Last week M. Ann Tutwiler, Director General, Bioversity International, was invited to speak at the Global Crop Diversity Trust Pledging Conference on behalf of CGIAR and Bioversity International. She reflects on the importance of the event in her latest blog for DG Dialogues.
Last week I was invited to speak at the Global Crop Diversity Trust Pledging Conference in Washington on behalf of CGIAR and Bioversity International. This event convened 50 nations to save the global common good of crop diversity in perpetuity - a major step towards safeguarding the international crop collections that are vital for food security.
The CGIAR’s eleven genebanks manage 730,000 accessions of vital crop diversity in 35 collections held in 15 countries. These collections include tree species, forages, crop wild relatives, root and tuber crops and a range of cereals and grain legumes. There is also Bioversity International’s own International Musa Transit Centre in Belgium that holds the world’s largest collection of banana germplasm. The Global Crop Diversity Trust supports CGIAR genebanks not only from a financial perspective but also from an operational one by providing tools and support for managing them efficiently, and coordinating between them to ensure that all crop diversity is protected, accessible and used.
The attendance of 50 nations at this event highlights the international recognition of the importance and urgency of safeguarding crop diversity – a vital resource to ensure food production systems are sustainable, able to adapt to climate change, and can provide nutritious food. It is also a testament to the success of the Crop Trust, which has come a long way since its inception.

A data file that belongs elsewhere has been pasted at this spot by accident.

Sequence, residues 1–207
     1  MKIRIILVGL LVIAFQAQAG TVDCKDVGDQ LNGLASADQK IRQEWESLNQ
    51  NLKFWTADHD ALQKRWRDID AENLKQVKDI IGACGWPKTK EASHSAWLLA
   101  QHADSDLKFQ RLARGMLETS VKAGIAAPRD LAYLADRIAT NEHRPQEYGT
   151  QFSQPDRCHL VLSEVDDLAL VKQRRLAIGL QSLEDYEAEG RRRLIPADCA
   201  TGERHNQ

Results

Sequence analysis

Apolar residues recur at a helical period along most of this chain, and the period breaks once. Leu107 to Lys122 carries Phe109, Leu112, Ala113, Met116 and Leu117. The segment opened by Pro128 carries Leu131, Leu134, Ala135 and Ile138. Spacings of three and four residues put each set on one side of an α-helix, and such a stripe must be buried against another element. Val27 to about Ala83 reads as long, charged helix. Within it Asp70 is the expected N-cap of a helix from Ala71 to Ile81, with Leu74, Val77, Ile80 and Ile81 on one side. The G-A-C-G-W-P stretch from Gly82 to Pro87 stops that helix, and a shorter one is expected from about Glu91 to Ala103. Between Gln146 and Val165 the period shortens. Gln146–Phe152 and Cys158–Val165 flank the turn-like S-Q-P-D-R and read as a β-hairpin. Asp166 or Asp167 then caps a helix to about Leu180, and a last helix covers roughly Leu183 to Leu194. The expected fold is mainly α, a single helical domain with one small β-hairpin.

I am proud to see how the Crop Trust has gone from strength to strength.
I am also proud of the role Bioversity International played in its creation, when the idea of building an endowment fund to secure crop collections in perpetuity began to surface.
In 1993, the newly formed Convention on Biological Diversity raised concerns about the conservation of crop diversity. This was followed in 1994 by the signing of ‘in-trust’ agreements between the UN Food and Agriculture Organization (FAO) and CGIAR centers that required the centers to maintain and freely distribute plant genetic resources for food and agriculture collections forever. At that time genebanks around the world were facing irregular and low budgets.
Bioversity International and CGIAR were concerned that this financial instability was putting precious resources conserved in genebanks at risk, along with the capacity to share them with researchers and farmers around the world. This was also the time in which the International Treaty on Plant Genetic Resources for Food and Agriculture came into force – a multilateral system whereby countries agree to pool and share the plant genetic resources of 64 crops and forages for food and agriculture.
These factors together resulted in Bioversity International’s recommendation (then called the International Plant Genetic Resources Institute) to establish an endowment fund to support the CGIAR Centers' In Trust Collections in perpetuity so the CGIAR centers could fulfill their obligations. This recommendation was endorsed by CGIAR in 2000, leading to a formal commitment to establish the Crop Trust by FAO and CGIAR in 2002. That the Crop Trust has come such a long way in such a short time is a testament to its leadership and staff who have driven forward its development.